Annuities and estate planning
I recently discussed the usage of annuities in estate planning with Jason Ryan, founder/president of Optimum Wealth. To see an archive of Ryan's articles, visit his profile here.
Jason Ryan (JR): Annuities have always been used for retirement planning. In fact, in 1952 the first variable annuity in America was designed and developed specifically for a qualified plan for education employees (College Retirement Education Fund — CREF). Also, annuities are the only investment vehicle that can provide a guaranteed income stream that you can never outlive, and a guaranteed death benefit that will return all of the individuals original investment should they die prematurely- regardless of market conditions. In addition, the new guaranteed living benefit riders help to make annuities an even more powerful tool for retirement planning. So, whether a client is in the accumulation stage or the distribution stage of retirement, an annuity may be a great fit.
Typically, most advisors have shied away from annuities when it comes to estate planning. Not because of the product itself, but rather because of the way the annuity is taxed. According to IRS section 72(u), if an annuity is owned by a non-natural entity then it will lose the benefit of taxed deferred growth. (taxes will be due every year on any gains in the contract). However, there have numerous private letter rulings from the IRS that provide exceptions for trust owned annuities ( there must be a human being that can ultimately be identified as the beneficial owner of the trust). Also, since income taxes must be paid on the growth by the beneficiaries after receipt of an annuity death benefit (no step up in cost basis), many advisors generalize that annuities must be a poor choice for funding an estate plan. As you saw from my article, this is not necessarily the case. There are some estate planning strategies in which an annuity can be a perfect fit.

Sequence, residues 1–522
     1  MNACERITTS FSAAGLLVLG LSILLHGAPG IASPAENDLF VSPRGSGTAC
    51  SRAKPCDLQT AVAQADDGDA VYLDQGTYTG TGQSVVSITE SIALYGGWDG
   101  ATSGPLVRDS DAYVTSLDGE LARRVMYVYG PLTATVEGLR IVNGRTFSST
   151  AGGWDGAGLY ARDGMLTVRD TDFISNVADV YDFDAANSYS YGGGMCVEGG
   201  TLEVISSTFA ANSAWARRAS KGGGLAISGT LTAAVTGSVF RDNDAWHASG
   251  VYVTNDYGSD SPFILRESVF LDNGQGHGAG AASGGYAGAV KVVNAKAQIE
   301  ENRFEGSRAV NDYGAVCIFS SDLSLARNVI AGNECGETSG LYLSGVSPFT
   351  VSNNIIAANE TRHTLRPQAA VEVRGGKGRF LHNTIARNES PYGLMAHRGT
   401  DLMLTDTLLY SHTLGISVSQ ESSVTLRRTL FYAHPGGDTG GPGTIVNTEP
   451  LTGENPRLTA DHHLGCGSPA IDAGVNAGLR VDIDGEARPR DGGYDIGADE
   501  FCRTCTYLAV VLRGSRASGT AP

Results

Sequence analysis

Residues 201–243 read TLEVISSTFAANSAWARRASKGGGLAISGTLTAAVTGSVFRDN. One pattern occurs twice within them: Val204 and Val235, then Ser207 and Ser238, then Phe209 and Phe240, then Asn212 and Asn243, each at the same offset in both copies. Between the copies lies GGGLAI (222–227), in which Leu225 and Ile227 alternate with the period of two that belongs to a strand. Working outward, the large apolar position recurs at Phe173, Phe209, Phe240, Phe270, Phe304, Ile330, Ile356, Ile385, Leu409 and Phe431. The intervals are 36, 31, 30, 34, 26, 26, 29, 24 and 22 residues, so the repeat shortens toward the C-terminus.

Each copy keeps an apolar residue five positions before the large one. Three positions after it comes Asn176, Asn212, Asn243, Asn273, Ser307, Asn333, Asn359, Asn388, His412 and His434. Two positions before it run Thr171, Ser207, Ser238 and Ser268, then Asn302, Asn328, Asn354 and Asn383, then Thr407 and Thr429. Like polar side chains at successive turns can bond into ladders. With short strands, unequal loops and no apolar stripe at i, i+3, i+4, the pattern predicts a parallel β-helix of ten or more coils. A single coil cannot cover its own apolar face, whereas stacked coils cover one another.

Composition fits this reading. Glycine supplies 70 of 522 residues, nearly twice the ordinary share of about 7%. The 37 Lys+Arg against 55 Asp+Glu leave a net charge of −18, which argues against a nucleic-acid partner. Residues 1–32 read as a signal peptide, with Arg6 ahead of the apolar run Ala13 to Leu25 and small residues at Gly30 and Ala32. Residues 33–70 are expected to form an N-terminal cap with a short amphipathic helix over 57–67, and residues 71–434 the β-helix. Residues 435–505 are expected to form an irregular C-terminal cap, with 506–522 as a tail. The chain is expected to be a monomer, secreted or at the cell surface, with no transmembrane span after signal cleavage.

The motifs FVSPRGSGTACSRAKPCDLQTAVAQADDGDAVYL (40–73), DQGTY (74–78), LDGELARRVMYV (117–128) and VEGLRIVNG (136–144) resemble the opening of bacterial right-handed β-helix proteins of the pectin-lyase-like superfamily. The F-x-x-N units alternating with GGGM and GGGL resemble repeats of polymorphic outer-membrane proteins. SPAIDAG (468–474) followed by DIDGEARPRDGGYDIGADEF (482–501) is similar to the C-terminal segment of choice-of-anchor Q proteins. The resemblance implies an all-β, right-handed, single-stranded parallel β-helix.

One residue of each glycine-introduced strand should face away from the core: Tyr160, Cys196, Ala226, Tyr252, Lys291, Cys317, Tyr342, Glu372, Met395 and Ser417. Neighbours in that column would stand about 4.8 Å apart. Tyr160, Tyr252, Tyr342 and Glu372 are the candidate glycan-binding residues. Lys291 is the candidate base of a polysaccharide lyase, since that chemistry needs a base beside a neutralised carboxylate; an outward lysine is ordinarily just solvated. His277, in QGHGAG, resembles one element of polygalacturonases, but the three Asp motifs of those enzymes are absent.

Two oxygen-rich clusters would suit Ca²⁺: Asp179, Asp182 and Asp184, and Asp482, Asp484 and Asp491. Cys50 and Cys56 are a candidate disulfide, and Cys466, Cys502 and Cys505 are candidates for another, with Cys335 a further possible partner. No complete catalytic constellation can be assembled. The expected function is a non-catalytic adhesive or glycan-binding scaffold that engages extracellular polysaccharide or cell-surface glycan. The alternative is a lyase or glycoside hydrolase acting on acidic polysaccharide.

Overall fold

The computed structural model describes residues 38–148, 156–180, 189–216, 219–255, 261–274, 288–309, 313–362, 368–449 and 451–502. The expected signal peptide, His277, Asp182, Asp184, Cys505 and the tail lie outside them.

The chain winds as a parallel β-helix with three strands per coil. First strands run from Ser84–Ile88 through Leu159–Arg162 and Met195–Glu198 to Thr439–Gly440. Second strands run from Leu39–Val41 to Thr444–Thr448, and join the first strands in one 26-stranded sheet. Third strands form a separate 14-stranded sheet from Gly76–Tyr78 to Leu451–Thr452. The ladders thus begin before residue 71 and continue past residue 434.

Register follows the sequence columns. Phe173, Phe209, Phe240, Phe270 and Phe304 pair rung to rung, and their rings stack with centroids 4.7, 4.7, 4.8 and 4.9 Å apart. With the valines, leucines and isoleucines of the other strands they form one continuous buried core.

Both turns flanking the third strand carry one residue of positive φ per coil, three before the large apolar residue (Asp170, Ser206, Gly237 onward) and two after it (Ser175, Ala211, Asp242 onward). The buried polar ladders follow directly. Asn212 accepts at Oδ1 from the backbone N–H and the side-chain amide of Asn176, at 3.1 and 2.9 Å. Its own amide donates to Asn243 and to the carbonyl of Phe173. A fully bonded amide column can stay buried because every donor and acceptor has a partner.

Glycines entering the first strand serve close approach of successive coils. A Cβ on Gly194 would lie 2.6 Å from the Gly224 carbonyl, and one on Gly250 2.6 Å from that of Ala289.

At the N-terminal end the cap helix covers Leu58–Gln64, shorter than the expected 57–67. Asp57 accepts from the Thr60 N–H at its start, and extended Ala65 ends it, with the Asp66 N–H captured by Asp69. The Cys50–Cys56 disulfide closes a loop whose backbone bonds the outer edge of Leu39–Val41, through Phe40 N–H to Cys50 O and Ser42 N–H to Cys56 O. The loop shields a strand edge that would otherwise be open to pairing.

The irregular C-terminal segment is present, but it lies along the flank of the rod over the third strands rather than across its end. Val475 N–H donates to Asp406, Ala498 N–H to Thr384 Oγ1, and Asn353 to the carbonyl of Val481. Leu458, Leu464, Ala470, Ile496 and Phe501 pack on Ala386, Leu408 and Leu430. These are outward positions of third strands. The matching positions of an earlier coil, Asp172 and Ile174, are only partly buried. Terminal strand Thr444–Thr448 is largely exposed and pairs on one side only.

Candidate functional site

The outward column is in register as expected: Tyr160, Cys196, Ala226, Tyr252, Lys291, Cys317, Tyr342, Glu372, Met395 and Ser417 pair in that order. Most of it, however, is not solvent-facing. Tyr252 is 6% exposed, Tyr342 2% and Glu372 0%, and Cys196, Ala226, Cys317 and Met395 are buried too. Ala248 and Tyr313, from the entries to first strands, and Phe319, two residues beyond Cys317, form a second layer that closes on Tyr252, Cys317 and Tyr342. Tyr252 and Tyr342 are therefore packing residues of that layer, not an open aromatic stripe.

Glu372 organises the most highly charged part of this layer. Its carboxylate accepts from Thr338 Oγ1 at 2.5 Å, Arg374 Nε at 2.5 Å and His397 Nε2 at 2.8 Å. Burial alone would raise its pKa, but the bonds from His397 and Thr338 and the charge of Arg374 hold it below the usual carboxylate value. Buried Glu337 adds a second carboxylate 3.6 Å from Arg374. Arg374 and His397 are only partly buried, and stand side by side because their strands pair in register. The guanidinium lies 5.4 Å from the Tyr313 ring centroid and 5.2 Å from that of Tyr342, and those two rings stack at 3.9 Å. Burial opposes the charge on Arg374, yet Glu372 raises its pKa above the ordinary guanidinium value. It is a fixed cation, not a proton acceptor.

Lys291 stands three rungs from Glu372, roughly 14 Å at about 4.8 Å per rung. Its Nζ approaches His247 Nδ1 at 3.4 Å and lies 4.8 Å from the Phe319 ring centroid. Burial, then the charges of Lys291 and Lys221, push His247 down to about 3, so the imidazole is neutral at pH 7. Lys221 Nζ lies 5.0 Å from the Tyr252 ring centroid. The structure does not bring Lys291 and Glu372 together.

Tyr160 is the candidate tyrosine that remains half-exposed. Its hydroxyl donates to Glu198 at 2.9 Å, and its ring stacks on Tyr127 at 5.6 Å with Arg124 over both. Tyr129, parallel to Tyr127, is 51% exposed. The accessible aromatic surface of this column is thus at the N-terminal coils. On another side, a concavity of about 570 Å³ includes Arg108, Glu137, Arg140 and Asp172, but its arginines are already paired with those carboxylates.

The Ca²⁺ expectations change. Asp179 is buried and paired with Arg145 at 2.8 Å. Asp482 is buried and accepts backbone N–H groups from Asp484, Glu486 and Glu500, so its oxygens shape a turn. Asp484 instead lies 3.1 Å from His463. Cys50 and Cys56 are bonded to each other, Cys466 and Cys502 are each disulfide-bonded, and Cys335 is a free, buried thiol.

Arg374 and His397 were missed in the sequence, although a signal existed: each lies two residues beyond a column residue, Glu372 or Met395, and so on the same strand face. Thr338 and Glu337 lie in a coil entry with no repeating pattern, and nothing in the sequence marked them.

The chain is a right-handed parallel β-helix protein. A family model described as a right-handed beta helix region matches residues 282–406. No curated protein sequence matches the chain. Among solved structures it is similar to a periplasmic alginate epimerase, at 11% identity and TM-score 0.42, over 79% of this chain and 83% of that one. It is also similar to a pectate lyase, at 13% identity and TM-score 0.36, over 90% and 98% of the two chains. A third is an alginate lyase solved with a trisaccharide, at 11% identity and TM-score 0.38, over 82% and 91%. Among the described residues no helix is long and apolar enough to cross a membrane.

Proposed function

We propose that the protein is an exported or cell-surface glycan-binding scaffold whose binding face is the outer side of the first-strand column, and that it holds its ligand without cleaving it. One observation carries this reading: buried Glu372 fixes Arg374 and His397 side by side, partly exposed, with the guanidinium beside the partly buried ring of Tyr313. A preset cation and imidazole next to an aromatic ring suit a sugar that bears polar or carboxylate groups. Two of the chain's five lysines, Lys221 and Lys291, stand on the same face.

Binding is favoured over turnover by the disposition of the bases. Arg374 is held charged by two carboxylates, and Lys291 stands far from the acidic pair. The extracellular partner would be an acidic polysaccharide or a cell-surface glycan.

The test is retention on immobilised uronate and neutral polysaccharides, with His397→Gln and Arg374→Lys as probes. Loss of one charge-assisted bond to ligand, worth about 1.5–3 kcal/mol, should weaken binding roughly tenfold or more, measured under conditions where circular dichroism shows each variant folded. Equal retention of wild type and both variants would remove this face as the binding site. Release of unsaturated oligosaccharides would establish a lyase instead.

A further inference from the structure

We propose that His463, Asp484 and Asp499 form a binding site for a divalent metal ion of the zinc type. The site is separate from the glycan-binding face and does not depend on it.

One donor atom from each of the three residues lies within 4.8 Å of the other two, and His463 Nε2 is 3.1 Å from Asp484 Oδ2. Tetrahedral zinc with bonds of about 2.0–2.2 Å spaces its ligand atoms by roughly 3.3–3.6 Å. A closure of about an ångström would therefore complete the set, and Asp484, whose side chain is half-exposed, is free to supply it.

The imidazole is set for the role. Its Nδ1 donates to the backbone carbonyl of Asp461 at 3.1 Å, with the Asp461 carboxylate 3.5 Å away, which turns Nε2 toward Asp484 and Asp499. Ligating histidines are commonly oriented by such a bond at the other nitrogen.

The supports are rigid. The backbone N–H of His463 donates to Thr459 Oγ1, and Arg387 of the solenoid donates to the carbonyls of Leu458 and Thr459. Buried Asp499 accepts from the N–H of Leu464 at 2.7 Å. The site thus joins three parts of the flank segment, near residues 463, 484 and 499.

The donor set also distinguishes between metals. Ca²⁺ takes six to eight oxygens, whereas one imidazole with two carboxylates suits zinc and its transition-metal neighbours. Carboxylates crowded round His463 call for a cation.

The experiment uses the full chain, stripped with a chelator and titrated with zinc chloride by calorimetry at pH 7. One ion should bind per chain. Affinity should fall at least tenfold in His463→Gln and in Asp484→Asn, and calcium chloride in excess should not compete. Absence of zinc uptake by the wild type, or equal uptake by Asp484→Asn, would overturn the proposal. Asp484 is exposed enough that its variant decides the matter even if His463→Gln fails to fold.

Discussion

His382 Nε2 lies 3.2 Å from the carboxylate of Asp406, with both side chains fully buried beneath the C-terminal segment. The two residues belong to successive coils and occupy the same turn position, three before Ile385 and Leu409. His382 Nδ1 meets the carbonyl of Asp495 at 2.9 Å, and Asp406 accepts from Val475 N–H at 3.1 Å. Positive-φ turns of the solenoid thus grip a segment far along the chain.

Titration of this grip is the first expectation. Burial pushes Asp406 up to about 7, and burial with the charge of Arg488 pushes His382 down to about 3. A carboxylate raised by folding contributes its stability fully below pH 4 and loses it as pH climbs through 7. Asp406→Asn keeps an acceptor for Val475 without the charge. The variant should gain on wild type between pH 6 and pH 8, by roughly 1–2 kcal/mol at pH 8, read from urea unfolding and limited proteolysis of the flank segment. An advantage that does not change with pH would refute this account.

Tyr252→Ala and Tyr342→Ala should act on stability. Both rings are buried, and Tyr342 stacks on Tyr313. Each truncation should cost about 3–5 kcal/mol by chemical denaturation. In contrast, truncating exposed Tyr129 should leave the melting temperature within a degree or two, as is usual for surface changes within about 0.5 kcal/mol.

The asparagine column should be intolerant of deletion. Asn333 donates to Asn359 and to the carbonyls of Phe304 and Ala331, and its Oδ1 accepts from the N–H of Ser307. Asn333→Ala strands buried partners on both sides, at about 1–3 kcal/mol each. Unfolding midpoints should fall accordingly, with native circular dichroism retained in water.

Again, with the new guaranteed living benefit riders, we are starting to see increased client and advisor interest in using annuities with these enhanced benefits for legacy planning.
SB: Do you think annuities are safe retirement savings vehicles?were created by state legislatures to protect life, annuity and health insurance policyholders and beneficiaries of an insolvent insurance company. All insurance companies licensed to write life or health insurance or annuities in a state are required, as a condition of doing business in the state, to be members of the guaranty association. Every state (plus Puerto Rico) provides $100,000 in withdrawal and guaranteed cash values for annuities. (Naturally, they do not cover any portion of a policy in which investment risk is borne by the individual, such as a variable annuity.) If you need it, a great resource is the National Organization of Life & Health Insurance Guaranty Association- www.nolhga.com
JR: Annuities are only as safe as the insurance company that stands behind them, but to answer your question — yes, I feel annuities are a very safe retirement vehicle. What makes them relatively safe are the state guaranty associations. These
Also, as I stated above, they have some great guarantees that are very unique to annuities (death benefit, income you can never outlive, etc). Plus, with the addition of the new living benefit riders, a client can sleep well at night knowing that their future retirement income is protected.
SB: Is there another product you’d recommend over the annuity when it comes to estate and retirement planning?
JR: There really is not a perfect product when it comes to retirement and estate planning. It truly depends on the client and their goals. The problem for most advisors is that they often become too attached to a single financial product or solution. And it then ultimately clouds their thinking. It is like the old saying, "When your only solution is a hammer, every problem starts to look like a nail." For some advisors, annuities are their hammer. They position an annuity as a one size fits all financial solution to any and all problems. Again, there is nothing wrong with annuities, and it may very well be the best solution. However, advisors need to dig deeper into their toolbox and utilize all of the financial tools that are available to them. Don't let the financial product dictate the solution.